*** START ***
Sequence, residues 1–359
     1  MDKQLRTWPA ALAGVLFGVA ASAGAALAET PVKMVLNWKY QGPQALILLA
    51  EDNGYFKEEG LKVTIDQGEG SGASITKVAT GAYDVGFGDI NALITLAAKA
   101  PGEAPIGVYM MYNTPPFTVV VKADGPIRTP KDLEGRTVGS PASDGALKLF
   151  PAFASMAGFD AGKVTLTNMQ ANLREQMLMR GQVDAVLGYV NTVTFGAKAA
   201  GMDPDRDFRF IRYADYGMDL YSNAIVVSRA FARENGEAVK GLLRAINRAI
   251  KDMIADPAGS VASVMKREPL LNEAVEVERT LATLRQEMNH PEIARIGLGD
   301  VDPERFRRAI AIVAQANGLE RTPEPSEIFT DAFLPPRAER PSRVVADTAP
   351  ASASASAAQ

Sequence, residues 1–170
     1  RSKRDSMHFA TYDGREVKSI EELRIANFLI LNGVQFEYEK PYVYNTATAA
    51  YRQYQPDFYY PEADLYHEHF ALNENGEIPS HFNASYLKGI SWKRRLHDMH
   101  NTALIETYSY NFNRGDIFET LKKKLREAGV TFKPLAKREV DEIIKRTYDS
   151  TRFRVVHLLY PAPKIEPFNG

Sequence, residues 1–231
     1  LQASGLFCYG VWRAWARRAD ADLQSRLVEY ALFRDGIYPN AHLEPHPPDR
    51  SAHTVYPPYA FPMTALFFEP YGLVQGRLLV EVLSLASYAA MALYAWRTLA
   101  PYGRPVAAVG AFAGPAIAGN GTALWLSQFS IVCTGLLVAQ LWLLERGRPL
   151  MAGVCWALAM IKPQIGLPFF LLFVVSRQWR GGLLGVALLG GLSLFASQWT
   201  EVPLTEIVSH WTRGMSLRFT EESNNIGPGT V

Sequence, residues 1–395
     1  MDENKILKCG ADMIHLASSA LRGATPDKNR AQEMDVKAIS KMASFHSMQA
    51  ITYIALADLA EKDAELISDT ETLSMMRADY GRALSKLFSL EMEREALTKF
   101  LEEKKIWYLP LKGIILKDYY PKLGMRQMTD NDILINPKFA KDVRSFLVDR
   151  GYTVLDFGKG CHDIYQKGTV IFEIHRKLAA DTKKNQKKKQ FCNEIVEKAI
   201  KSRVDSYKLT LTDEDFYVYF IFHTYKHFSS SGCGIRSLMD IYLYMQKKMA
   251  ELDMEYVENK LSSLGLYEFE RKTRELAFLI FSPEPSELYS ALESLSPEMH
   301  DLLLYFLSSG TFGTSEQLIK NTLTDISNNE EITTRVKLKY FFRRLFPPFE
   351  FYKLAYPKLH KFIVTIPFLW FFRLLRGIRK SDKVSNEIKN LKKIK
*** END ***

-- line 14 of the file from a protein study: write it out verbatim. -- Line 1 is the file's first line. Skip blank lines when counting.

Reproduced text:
   151  TRFRVVHLLY PAPKIEPFNG